Esther & The Dream of One Loving Human Family

Opening February 6, 2019

About the Exhibition

The American Visionary Art Museum (AVAM) is privileged to show the work of Esther Nisenthal Krinitz, a series of 36 intricate, deeply personal needlework and fabric collages depicting how then 15-year-old Esther and her younger sister survived the Holocaust by separating from their observant Jewish farming family and posing as Polish Catholic farm girls. Esther began her series of fabric pictures in 1977 at the age of 50, while working in Frederick, Maryland. Although trained as a dressmaker and highly skilled in needlework, Esther had no training in art and no conception of herself as an artist. Yet, her first pictures were so well-received by her family and friends, and so personally satisfying, that Esther went on to do others, eventually beginning a narrative series that grew increasingly complex. With the addition of her text, Esther’s art powerfully illustrates her story of survival. The high quality execution and honest charm of her artistry gives unique and unforgettable testimony to her life as a child in Holocaust wartime. They accomplish this with a sweetness of spirit and lack of bitterness that conveys a near miraculous visual recall of detail and results in conveying a most atypical experience of war, family, faith, and childhood.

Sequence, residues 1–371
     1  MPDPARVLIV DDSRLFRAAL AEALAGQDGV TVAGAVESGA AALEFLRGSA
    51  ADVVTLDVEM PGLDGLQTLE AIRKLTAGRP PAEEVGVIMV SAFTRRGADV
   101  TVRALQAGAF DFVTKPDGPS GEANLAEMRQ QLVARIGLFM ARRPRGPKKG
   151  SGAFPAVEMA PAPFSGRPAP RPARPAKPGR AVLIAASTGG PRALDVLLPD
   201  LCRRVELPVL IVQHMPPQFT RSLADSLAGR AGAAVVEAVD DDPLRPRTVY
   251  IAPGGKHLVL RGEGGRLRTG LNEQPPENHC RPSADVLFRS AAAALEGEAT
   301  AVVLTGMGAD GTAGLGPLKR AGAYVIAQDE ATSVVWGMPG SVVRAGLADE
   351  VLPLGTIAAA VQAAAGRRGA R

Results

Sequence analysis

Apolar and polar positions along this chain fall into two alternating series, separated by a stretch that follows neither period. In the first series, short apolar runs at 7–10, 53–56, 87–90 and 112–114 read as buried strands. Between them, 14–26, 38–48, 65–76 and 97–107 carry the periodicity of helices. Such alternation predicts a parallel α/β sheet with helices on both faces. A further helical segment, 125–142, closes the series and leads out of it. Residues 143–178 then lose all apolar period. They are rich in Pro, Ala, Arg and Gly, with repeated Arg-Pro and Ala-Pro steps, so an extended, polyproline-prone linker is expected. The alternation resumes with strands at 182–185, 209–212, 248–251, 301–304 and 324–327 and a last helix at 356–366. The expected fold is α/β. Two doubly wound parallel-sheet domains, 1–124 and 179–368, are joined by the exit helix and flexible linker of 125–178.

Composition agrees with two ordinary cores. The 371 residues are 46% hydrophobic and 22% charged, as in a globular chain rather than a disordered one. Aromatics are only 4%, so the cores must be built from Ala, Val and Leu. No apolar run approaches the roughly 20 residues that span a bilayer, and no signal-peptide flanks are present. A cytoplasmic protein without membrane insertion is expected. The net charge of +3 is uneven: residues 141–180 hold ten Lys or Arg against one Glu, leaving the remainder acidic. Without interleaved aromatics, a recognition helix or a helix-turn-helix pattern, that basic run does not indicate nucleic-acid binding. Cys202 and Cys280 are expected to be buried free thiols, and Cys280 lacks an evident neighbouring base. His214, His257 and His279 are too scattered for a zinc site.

Having premiered Esther's works in 2001, before they traveled to 42 other museums around the world, AVAM is particularly honored that Esther’s family has enthusiastically sought to again collaborate in exhibition of Krinitz's work for a far expanded 5-year exhibition on the dangers of demonizing anyone as an "other" and in consideration of other genocides of innocents. Due to the record-breaking crowds that the quilts generated, they returned to AVAM in 2003-2005 and then again in 2012-13 for the exhibition “The Art of Storytelling: Lies, Enchantment, Humor & Truth.” This newest installation opens February 2019 in a timely return emphasizing the need for greater societal recognition of the sacred in all human beings. This special exhibition also features a partial recreation of Esther’s modest farm home, a thatched-roof cottage that she stitched in her first picture so that her daughters — and visitors alike — could see her treasured happy home from times pre-Nazi.